Ask a client about the goals of a social media campaign and the answer is almost always this: “We need to be there because everyone else is. Get me a following.” How can you measure social media ROI? Without a strategic plan in place to connect the dots, there’s no point having fans, friends or followers. You need to think it through.

Before you even think about tweeting, take a look at the latest winners of the top campaigns in the world. The round-up of creative class celebrities at the Cannes Lions International Advertising Festival reveals that social media, earned media, free media, and paid media all have a place and often work well together.

Here’s an abbreviated round-up of the festival from Brandweek’s Noreen O’Leary:


Gatorade’s “Replay” campaign reunited 30-somethings from their rival high-school football teams to relive the tie game. The game was played in front of 15,000 fans after tickets sold out in 90 minutes. It was made into a five-part online documentary. Though Gatorade sales fell 8.5 percent in the 52 weeks that ended Jan. 24, regional sales increased 63 percent. The event was named one of CNN’s top stories of 2009 and picked up as a TV series by Fox Sports Net, with the first season airing nationally to 90 million households.


Nike’s Chalkbot campaign at 2009’s Tour de France, which featured a machine that left chalk-written messages on the course about the Livestrong Foundation, coincided with a 46 percent jump in sales for Nike’s Livestrong Collection, generating $4 million for Lance Armstrong’s fight against cancer. The success could also be attributed to Armstrong’s return to the Tour.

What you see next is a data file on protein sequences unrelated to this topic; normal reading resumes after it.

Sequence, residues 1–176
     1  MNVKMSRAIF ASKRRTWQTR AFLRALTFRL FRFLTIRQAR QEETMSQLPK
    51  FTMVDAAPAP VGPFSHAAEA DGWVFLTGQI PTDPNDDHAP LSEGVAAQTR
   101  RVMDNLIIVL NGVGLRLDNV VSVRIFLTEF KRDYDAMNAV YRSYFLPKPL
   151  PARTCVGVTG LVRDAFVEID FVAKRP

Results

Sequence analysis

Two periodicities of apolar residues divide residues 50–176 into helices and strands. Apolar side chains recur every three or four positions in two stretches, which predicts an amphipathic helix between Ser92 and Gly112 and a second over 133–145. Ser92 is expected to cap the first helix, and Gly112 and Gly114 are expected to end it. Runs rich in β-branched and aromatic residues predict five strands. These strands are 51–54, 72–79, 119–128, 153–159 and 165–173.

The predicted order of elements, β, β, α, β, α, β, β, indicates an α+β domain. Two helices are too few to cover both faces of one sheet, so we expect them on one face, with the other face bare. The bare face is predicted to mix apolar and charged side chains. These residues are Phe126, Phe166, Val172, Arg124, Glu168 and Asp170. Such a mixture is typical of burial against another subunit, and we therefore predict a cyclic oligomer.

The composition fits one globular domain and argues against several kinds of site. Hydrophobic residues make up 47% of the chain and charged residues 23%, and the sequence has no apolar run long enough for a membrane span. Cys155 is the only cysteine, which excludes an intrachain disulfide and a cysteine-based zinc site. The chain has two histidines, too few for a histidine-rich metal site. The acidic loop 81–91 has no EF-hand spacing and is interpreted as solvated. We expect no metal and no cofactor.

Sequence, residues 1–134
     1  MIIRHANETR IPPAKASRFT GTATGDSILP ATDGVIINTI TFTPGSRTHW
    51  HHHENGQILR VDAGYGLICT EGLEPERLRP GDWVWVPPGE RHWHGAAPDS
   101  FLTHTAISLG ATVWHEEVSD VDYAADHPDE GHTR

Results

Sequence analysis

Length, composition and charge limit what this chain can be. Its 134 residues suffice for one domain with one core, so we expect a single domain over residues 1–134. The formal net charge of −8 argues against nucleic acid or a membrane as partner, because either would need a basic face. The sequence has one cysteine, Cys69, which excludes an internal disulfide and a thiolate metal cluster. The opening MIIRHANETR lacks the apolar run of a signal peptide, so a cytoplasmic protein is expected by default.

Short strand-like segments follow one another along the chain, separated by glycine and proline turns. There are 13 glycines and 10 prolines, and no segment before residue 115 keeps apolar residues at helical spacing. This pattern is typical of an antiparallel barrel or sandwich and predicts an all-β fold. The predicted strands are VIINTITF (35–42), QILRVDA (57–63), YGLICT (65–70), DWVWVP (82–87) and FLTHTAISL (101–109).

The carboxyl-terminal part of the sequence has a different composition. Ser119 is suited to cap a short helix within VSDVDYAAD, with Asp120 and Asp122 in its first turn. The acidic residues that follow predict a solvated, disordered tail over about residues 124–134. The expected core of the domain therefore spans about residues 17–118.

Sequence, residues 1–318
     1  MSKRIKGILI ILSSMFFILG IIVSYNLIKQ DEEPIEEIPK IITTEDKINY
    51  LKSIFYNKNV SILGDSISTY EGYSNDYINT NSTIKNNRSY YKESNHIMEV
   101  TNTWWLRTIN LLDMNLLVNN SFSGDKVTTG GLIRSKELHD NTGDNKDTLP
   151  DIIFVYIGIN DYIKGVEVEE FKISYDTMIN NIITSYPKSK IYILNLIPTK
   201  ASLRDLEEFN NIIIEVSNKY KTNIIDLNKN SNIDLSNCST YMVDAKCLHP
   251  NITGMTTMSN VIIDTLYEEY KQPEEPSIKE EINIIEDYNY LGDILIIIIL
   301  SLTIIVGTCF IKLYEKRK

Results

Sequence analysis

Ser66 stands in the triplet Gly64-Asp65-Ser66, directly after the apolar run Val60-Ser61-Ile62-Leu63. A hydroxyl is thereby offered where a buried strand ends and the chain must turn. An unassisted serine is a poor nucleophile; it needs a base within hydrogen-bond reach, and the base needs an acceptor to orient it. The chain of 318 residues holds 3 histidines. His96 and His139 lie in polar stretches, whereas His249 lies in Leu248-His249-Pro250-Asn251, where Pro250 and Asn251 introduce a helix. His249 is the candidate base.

Best Buy

Best Buy’s launch last July of Twelpforce used Twitter to connect and handle customer service questions. A year later, Twelpforce counts 27,000 followers and has generated 30,000 tweets. TV spots may also have helped back-to-school business, with laptop sales exceeding the retailer’s goals by 40 percent. Some 2,700 employees also signed up to participate—making Best Buy employees more socially savvy.


Volkswagen Sweden’s “The Fun Theory” turned a stairwell in a subway into a keyboard to encourage people to take the stairs and has logged 19 million views on You Tube since its October release. The pitch also posted strong sales: VW’s overall share of that market more than tripled to 13 percent in the first six months of this year, as sales rose 58 percent.

The ROI is there for those who think (and plan) strategically.

But Daniel Ziv, vice president of customer interaction analytics at Verint Witness Actionable Solutions, revises the traditional ROI into a more updated model: Return On Interaction.

Visibility to other customers is a measure—as is reaching out to other influencers.

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